To outside observer, the distance would be short, but the time long. To an inside observer, time would remain constant by the distance would increase.

When a comet approaches the Sun, it spreads it tail out behind. Now, as far as I know, people say this is because of dust and gas coming off the object. But would gravity pull equally all everything? And as the comet departs, would sun's gravity try to pull dust and gases back? Instead, the dirt and gas caught up to the comet.

What if, the size of comet, was enough to response to micro-layers of changes in time? So the front of the comet might react a micro-second fast then the back of comet. Over billions of miles, this effect would have the comet stretched over thousands of miles. At the comet departed, the effect would reverse and the parts could collect again. The appearance of the comet gaining speed could time compressing, while inside the time/space might remain constant.

6. Mar 25, 2017

### Staff: Mentor

You seem to think that Velocity = Distance/Time is a law of physics. It's not. It's just a definition.

That depends on how you compare your "rate of time flow" to someone else's. There is no unique way to do that.

You don't have to speculate. You can compute the answer using the laws of physics: the Schwarzschild solution to the Einstein Field Equation, in this case. The answer is that you can indeed fall into a black hole. The laws also tell us that the distance you have to fall does not change as you fall.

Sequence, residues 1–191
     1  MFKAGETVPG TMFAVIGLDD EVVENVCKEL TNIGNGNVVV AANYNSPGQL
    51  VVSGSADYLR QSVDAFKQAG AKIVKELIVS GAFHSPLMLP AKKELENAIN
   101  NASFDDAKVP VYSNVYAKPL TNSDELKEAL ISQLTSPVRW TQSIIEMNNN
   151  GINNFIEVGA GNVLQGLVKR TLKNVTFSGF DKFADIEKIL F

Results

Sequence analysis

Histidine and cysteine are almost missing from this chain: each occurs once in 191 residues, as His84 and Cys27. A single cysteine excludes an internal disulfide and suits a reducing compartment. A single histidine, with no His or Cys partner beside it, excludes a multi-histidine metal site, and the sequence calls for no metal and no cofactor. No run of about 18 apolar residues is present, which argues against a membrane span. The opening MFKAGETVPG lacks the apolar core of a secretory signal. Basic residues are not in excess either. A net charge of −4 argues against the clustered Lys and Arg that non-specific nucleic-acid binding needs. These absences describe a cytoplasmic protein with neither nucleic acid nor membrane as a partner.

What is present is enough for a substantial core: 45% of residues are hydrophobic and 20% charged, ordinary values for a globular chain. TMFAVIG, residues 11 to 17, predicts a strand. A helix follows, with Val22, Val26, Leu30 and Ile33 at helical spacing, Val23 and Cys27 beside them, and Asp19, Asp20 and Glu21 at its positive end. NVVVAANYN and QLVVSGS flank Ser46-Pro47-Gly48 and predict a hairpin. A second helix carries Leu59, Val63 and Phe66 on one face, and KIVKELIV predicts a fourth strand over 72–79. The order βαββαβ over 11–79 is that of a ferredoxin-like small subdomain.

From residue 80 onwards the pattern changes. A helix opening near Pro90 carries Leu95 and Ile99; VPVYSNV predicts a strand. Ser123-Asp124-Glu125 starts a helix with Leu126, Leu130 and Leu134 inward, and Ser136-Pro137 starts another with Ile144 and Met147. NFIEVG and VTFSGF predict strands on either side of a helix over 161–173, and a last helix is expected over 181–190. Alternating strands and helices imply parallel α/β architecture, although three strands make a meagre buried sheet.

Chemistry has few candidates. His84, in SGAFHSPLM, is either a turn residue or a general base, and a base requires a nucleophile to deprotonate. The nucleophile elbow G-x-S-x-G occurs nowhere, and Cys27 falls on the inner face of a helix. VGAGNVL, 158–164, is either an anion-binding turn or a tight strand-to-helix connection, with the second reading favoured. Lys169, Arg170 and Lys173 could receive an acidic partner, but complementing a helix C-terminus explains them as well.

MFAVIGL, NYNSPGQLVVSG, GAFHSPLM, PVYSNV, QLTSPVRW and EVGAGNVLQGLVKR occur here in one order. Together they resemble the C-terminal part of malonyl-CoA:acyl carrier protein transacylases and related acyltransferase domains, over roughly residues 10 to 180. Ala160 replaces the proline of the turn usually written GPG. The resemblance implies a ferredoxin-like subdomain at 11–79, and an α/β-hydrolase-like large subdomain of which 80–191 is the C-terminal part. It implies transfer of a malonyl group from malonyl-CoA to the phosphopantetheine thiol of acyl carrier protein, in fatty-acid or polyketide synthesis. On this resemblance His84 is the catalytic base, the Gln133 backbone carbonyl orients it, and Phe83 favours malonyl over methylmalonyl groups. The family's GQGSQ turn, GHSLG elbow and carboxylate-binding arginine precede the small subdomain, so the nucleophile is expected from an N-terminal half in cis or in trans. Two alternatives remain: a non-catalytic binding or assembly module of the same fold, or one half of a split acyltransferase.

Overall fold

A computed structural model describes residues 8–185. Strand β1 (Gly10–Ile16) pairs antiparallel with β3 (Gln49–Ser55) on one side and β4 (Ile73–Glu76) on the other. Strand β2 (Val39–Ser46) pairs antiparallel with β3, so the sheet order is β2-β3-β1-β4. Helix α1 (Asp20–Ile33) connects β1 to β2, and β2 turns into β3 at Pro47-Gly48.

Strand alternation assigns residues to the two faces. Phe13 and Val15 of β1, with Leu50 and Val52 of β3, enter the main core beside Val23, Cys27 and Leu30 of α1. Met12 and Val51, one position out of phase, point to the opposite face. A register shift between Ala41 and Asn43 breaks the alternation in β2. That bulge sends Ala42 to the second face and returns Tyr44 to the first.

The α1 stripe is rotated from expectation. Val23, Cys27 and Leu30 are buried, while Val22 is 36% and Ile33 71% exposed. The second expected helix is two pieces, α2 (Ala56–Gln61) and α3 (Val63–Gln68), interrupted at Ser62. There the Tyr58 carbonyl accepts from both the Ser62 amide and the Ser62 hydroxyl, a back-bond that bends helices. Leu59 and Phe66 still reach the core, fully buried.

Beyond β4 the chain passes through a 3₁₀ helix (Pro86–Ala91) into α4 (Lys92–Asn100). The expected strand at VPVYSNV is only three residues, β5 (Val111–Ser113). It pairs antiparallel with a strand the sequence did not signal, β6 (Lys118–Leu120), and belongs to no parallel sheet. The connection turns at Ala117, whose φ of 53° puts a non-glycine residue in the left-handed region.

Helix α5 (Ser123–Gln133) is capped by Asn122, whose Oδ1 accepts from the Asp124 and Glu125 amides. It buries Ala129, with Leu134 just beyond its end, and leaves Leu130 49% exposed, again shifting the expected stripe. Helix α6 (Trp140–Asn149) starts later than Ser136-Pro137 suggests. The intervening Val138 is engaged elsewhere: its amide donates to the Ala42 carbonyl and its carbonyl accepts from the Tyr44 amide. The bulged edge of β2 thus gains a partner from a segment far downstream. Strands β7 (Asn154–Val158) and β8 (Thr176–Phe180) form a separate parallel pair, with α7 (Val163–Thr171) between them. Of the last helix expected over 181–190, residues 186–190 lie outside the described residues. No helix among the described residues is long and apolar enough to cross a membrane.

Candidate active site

7. Mar 25, 2017

### LordChallen

In another thread, someone hypothetically suggested that a spaceship orbiting earth at the speed of light for 1 years (relative to the spaceship) would be 7000 years relative to people observers on earth. Even though the spaceship only when 1 light year, to earth observers, 7000 light years.

The actually distance covered is 7000x more then expected for the spaceship. So distance does expand as time shrinks?

So in theory, an expanding universe could be shrinking time?

8. Mar 25, 2017

### Staff: Mentor

Yes, due to time dilation. Also, the spaceship can't travel at the speed of light. It can only travel close to the speed of light, relative to Earth. You should be able to calculate how close to the speed of light it would have to travel in order to have a time dilation factor, relative to Earth, of 7000 to 1.

Furthermore, in such a calculation, the effect of the Earth's gravity on time is negligible. It is many orders of magnitude smaller than the 7000 to 1 ratio.

The distance covered by the spaceship, in the Earth frame, is just whatever distance is covered by however many orbits the spaceship makes in 7000 Earth years.

The gravity of the Earth has negligible effect on this distance. The motion of the spaceship relative to Earth has no effect on it at all (except that the ship's speed determines how many orbits it makes in 7000 Earth years).

The spaceship's motion is not inertial, so there is no way to construct an inertial frame in which it is at rest. So there is no obvious frame in which the Earth is moving and covers a distance 7000x less, relative to the spaceship, than the distance the spaceship covers, relative to the Earth, in the Earth frame. But even if we could construct such a frame, the length contraction in this frame would have nothing to do with Earth's gravity.

No. Even in SR, distances in moving frames contract; they don't expand.

No.

9. Mar 25, 2017